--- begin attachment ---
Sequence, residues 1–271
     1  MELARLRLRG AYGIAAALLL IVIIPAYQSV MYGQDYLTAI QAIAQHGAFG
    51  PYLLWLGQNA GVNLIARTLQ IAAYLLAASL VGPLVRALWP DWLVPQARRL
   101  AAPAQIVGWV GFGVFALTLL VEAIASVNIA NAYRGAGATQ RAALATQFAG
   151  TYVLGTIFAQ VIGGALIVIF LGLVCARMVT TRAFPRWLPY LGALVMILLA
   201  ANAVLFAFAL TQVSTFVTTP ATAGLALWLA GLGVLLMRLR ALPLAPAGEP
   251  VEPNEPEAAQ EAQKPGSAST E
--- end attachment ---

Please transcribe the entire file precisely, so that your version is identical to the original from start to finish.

Sequence, residues 1–271
     1  MELARLRLRG AYGIAAALLL IVIIPAYQSV MYGQDYLTAI QAIAQHGAFG
    51  PYLLWLGQNA GVNLIARTLQ IAAYLLAASL VGPLVRALWP DWLVPQARRL
   101  AAPAQIVGWV GFGVFALTLL VEAIASVNIA NAYRGAGATQ RAALATQFAG
   151  TYVLGTIFAQ VIGGALIVIF LGLVCARMVT TRAFPRWLPY LGALVMILLA
   201  ANAVLFAFAL TQVSTFVTTP ATAGLALWLA GLGVLLMRLR ALPLAPAGEP
   251  VEPNEPEAAQ EAQKPGSAST E